Sunday, October 8th
Welcome Reception Sponsored by ExtensionEngine
5:30 pm-7:30 pm Poster Session
Monday, Oct 9th
8:00 am-8:30 am Breakfast
8:30 am Welcome, Harrison Keller, Deputy to the President for Strategy and Policy, UT Austin, LWMOOCs 2017 Host
9:00 am-9:30 am Opening Keynote: Anant Agarwal, CEO of edX
9:30 am-10:30 am OPENING PANEL: MOOCs@Work
Chair: Anant Agarwal, CEO, edX
- Nina Huntemann, Director of Academics and research, edX
- Yuanxia Ding, VP of Strategy, Business Operations, and Learning, Opportunity@Work
- Kemi Jona, Founding Director of the Lowell Institute School, Associate Dean for Undergraduate Programs, College of Professional Studies, Northeastern University
- Scott Klemmer, Professor, Cognitive Science and Computer Science & Engineering, co-founder, Design Lab, UC San Diego
10:30 am-11:00 am Break
11:00 am-12:30 pm PANEL: Credentialling and Measurement in Workforce Development
Chair: Anne Trumbore, Sr. Director, Wharton Online, University of Pennsylvania
- Jonathan Finkelstein, Founder and CEO, Credly
- Matthew N. Gaertner, Principal Research Scientist, Center for Education Policy, SRI International
- Fiona Hollands,Associate Director and Senior Researcher at the Center for Benefit-Cost Studies of Education at Teachers College, Columbia University
- Sunbok Lee and David Pritchard, Fixed Item Parameter Calibration for Measuring Student Learning in MOOCs
- Linda MacDonald and John Zornig, Challenges in MicroMasters® program design: a case study. Mary Ellen Wiltrout and Sera Thornton, Competency-Based Testing in a Biology MOOC
- David Joyner, Harnessing professionals' motivations and experiences to improve accredited MOOC-based education
12:30 pm-1:30 pm Lunch
Chair: Pat James, Executive Director (ret), California Community Colleges' Online Education Initiative
- Tim Resnick, Vice President for Enrollment Management and Student Success, Vice Provost, and Professor of Religious Studies at Georgia State University
- Tawanna Dillahunt, Assistant Professor, School of Information, University of Michigan
- Denise Reading, Founder and CEO of LDR Global & Co-Founder of WorkerFIT Partners
- Carol Fletcher, Adam Stephens, Jayce Warner and Lisa Garbrecht, Increasing Access to Computer Science Education through WeTeach_CS Professional Development MOOC
- Ira Gooding and Xi Chen, Alignment of Personal Learning Goals and Course Learning Objectives in MOOCs
- Elle Yuan Wang and Ryan Baker, Beyond Sampling: Exploring how students use MOOCs minimally
- Lucy Appert, Andrew Flatgard, Paul Stengel, and Jessica Brodsky, Going off the beaten path: Designing and representing multiple learning pathways in MOOCs
2:45 am-3:15 pm Break
3:15 pm-4:15 pm Networking Tea Sponsored by DANCE
4:15 pm-5:15 pm Birds of a Feather
Tuesday, Oct 10th
8:30 am-9:30 am Breakfast
Chair: Scott Klemmer, Professor, Cognitive Science and Computer Science & Engineering, co-founder, Design Lab, UC San Diego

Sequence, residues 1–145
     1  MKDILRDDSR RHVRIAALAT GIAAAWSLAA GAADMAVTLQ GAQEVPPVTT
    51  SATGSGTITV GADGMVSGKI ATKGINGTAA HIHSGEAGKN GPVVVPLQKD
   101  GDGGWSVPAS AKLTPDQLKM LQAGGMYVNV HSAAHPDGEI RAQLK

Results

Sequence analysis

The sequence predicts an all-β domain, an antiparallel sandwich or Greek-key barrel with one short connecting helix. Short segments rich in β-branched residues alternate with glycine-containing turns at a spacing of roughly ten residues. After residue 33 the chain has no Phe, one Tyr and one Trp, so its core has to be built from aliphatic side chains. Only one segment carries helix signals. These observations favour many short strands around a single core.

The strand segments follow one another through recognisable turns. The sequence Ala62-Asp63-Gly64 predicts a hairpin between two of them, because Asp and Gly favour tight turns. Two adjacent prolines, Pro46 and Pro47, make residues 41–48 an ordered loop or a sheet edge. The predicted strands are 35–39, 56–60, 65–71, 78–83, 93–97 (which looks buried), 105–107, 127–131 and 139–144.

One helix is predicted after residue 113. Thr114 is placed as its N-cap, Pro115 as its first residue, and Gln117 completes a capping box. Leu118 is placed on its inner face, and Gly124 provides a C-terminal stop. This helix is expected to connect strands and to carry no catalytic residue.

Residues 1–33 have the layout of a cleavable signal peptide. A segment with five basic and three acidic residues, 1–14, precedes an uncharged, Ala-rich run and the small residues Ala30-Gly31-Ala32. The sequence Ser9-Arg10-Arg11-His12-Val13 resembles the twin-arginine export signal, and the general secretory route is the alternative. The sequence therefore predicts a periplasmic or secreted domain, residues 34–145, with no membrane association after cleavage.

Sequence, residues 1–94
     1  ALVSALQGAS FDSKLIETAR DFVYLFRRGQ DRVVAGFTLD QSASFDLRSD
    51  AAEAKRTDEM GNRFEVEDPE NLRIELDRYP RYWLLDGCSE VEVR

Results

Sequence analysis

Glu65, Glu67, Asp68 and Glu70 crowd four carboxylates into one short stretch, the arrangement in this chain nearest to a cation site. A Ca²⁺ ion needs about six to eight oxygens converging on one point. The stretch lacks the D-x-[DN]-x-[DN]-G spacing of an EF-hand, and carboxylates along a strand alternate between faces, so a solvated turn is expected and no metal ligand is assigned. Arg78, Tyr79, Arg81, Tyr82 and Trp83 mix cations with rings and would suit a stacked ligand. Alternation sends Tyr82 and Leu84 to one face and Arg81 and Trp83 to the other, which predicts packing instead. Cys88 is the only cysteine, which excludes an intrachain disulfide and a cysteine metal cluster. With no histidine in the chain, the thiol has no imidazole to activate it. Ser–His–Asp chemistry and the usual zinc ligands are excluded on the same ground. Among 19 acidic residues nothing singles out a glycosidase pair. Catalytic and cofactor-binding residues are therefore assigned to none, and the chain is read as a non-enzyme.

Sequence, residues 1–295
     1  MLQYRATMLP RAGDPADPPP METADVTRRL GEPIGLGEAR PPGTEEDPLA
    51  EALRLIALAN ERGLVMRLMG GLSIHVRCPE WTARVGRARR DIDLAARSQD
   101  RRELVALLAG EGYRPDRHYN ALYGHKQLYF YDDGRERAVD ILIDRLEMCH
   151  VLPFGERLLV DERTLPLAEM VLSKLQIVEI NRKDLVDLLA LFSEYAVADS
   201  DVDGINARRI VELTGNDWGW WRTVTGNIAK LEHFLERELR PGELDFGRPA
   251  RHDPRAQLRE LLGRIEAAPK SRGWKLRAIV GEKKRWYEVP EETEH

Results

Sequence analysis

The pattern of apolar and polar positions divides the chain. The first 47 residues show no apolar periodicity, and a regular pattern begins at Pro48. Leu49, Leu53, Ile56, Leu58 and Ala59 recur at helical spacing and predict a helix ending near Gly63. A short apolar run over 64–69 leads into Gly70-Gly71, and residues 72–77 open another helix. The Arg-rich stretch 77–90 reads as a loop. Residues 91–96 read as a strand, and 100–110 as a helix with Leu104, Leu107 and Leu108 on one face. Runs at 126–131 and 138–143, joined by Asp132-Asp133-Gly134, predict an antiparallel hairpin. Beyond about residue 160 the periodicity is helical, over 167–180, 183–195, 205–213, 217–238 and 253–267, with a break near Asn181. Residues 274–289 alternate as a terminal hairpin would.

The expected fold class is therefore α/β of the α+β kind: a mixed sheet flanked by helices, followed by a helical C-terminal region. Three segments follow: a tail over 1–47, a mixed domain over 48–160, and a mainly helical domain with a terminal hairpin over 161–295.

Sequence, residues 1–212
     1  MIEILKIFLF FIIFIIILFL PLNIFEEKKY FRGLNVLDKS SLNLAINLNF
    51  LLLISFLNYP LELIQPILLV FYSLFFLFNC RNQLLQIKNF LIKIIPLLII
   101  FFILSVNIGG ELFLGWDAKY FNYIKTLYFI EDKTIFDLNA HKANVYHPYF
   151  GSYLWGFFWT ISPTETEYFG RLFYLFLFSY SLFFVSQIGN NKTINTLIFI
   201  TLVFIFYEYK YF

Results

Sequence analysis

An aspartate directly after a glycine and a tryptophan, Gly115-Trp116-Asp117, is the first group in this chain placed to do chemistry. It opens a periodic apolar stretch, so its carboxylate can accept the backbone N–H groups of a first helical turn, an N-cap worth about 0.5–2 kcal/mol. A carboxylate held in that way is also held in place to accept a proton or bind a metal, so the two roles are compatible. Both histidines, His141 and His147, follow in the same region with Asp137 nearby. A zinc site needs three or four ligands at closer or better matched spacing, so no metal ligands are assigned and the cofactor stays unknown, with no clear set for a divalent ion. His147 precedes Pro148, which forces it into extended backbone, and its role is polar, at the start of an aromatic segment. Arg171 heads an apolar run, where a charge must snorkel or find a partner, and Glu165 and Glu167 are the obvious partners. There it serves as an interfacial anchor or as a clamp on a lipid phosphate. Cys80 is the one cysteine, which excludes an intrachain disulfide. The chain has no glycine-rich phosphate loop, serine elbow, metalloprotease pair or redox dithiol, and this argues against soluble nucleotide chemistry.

- Furqan Nazeeri, Partner, ExtensionEngine
- Andreina Parisi-Amon, Director, Teaching and Learning, Coursera
- Norman Bier, Director, Online Learning Initiative, Carnegie Mellon University
- David Joyner, A Holistic Approach to Academic Integrity in a CS1 MOOC
- Michael Richey, George Siemens, Krishna Madhavan, Doipayan Roy, Mitchell Zielinski, Kerrie Douglas, Mark Cousino and Katy Borner, A new academic – industry partnership to enable dynamic learning for online education and alignment of emergent workforce capabilities
- Joy Lu, Eric Bradlow and Wes Hutchinson, Binge consumption in MOOCs
- Paul Joseph Stengel, Structuring Participatory Design Teams for Purposeful Teaching and Learning in MOOCs
11:00 am-11:30 am Break
11:30 am-12:30 pm Design Workshop -(firehose) 3 questions
Chair: Norman Bier, Director, Online Learning Initiative, Carnegie Mellon University
- Rocael Hernandez Rizzardini and Hector R. Amado-Salvatierra, cMOOCs in a MicroMasters: a Full Engagement Educational Framework
- Alyssa Napier, Elizabeth Huttner-Loan, and Justin Reich, Developing Collaborative Professional Competencies through Online Learning: Design Principles from School Leadership MOOCs
- Andrew Flatgard, Maurice Matiz, Stephanie Ogden, Paul Stengel, Jose Diaz and Laura Lechner, Engaging Teachers in MOOCs Through the ConnectED Initiative
- David Joyner, Seven design principles for scalable for-credit CS1 education
- Zhongzhou Chen, Geoffrey Garrido, Ian Turgeon, Zachary Berry and Francisca Yonekura, Designing the next generation of MOOCs using Online Learning Modules
12:30 pm-1:30 pm Lunch
Chair: Carolyn Rose, Professor, Human Computer Interaction Institute, Language Technologies Institute, Carnegie Mellon University
- Miaomiao Wen, Data Scientist, Coursera
- Melissa Patchan, Assistant Professor, Learning Sciences and Human Development, West Virginia University
- Chinmay Kulkarni, Assistant Professor, Human-Computer Interaction, Carnegie Mellon University
- Sreecharan Sankaranarayanan and Carolyn Rose, Orchestration of Conversational Agent Support and Team Formation in a Group Learning Environment
- Patrice Pusko, Whitney Kilgore and Maha Al-Freih, HumanMOOC: Creating an Abundance of Human Centered Learning Experiences
- Benjamin Schmidt, Peer Feedback in Creative Writing MOOCs for Learner Retention: A Sentiment Analysis of Online Comments
- Betsy Williams, Visibility and responsibility: How teachers respond to a team-level randomized experiment
3:00 pm-3:30 pm Break
3:30 pm-5:00 pm PANEL: How are MOOCs used in the rest of the world?
Chair: Ryan Baker, Associate Professor, University of Pennsylvania, Director, Penn Center for Learning Analytics
- Rene Kizilcec, Director of Digital Learning Research, GSE, Stanford, Assistant Research Professor, School of Engineering, Arizona State University
- Amy Ogan, Assistant Professor, Human-Computer Interaction Institute, Carnegie Mellon University
- Edgar Gonzalez, Program Manager, IDBx, Inter-American Development Bank
- Mariam Aman Shah and David Santandreu Calonge, MOOCs and the need for employable skills in refugee contexts
- David Santandreu Calonge, Mariam Aman Shah, Karina Riggs, Monica Kerr, Melissa Connor Roger Rajkovic and Philip Elms, MOOCs and up skilling: the Australian employers’ context
- Judith Uchidiuno, Amy Ogan, Evelyn Yarzebinski and Jessica Hammer. Motivation vs Goal Driven Interventions for ELL Students in MOOCs
5:00 pm Closing Carolyn Rose, Carnegie Mellon
2017 Onsite registration will be available both days of the conference.
Early Bird Attendee (Before July 1): $435
Attendee (July 1 - September 15): $465
Late Attendee (September 16 - October 7): $490